U.S. health officials are reporting that the first transmitted case of Ebola has now been confirmed, and the blame lies with a breach of protocol.
The Texas nurse, whose name has not been released, contracted the virus while caring for Thomas Eric Duncan, the Liberian man who was the first reported case of Ebola on U.S. soil.
While the Texas hospital where Duncan was treated claimed that it would "continue every effort to contain the spread of the virus and protect people from this threat," this nurse still contracted the virus.
Texas officials haven't elaborated on what that breach of protocol was that allowed the nurse to become infected, but it's said that every precaution was taken by her, including the use of a mask, gloves, a gown, and face shield.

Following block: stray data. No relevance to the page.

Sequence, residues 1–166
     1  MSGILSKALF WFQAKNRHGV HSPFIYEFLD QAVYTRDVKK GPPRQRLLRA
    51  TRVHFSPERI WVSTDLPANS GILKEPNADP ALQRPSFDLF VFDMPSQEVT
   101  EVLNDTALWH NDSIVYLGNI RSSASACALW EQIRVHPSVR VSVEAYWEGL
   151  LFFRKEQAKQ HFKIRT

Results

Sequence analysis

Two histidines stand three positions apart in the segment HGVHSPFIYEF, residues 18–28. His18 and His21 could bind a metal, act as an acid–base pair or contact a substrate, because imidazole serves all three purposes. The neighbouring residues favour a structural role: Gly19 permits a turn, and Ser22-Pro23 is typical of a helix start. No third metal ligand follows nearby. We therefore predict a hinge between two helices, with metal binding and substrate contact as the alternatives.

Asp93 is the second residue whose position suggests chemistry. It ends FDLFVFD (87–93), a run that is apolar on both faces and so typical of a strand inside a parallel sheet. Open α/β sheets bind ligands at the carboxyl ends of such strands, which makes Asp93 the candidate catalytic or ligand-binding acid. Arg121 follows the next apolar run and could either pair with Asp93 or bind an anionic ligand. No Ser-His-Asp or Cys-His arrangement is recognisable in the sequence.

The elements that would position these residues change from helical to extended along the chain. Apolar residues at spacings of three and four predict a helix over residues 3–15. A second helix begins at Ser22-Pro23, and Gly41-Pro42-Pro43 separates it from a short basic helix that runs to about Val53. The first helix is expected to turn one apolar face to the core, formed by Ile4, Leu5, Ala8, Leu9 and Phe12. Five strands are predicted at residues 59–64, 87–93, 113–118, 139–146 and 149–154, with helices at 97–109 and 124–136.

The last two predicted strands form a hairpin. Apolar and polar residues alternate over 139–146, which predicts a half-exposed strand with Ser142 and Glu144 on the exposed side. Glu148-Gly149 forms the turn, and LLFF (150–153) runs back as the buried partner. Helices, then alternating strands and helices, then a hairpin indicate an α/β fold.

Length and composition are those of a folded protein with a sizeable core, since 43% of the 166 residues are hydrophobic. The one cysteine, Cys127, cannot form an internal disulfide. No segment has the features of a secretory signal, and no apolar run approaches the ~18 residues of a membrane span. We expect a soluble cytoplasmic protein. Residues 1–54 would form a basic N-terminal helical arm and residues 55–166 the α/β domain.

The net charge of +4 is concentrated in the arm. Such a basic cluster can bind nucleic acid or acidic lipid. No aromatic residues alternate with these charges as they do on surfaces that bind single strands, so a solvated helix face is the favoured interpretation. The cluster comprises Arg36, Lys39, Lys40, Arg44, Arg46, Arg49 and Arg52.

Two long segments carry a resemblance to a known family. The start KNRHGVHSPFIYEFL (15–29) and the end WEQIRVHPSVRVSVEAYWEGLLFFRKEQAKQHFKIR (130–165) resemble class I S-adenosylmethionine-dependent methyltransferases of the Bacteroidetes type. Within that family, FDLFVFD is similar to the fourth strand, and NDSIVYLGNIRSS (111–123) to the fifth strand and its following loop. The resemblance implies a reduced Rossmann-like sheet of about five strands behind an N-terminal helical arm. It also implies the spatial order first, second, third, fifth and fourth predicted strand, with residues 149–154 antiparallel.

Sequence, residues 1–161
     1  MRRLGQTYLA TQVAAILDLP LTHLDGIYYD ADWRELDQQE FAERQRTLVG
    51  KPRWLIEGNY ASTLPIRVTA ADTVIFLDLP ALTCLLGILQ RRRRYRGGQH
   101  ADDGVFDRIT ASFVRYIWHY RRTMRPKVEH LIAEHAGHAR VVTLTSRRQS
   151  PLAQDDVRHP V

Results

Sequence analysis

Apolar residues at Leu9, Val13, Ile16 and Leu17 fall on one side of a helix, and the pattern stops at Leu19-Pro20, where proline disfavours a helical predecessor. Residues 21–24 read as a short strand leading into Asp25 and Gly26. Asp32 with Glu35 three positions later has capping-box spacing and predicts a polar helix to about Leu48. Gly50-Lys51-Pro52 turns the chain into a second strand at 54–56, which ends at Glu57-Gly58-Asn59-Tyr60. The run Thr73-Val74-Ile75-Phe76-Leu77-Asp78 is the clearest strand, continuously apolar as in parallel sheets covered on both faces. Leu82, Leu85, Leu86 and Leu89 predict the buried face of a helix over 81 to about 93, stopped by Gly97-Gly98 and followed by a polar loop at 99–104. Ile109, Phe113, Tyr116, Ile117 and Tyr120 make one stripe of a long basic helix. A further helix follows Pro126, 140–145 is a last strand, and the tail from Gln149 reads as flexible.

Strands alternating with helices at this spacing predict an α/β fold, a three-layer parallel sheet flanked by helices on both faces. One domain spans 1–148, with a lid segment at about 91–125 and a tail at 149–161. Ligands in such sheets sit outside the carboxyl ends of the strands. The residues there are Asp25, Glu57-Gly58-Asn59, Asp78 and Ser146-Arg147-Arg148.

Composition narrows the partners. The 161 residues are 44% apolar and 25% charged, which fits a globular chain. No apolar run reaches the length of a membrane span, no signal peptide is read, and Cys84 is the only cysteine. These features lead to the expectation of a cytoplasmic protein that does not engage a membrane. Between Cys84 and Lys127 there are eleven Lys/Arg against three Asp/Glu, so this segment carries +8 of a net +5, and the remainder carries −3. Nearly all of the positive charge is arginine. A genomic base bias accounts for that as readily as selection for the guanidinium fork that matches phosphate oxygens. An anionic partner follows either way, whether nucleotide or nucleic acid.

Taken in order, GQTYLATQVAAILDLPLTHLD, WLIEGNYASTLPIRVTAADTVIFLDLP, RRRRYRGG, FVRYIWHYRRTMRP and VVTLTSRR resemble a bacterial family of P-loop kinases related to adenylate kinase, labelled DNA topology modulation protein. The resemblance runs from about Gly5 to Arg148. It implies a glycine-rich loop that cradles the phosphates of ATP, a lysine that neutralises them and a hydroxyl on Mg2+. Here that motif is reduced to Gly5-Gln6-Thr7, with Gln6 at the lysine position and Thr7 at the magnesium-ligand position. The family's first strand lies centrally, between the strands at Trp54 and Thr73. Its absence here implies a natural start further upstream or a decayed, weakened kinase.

But the Center for Disease Control's disease detectives are reporting that there are inconsistencies with the process that this nurse used to apply and remove her protective gear. Officials think the infection could also have been spread when Duncan received kidney dialysis or respiratory intubation, which were both called "a desperate measure to try to save his life" by CDC director Dr. Thomas Frieden.
"When you have potentially soiled or contaminated gloves or masks or other things," Frieden stated at a Monday morning press conference, "to remove those without any risk of any contaminated material ... touching you and being then on your clothes or face or skin ... is not easy to do right."
Only four hospitals in the country have the proper training programs in place to deal with Ebola, and the Dallas hospital where Duncan was treated was not one of them.
According to a poll done by National Nurses United, 76% of nurses say that their hospitals haven't communicated any policy about dealing with Ebola. "The time to act is long overdue," said NNU's executive director, RoseAnn Demoro.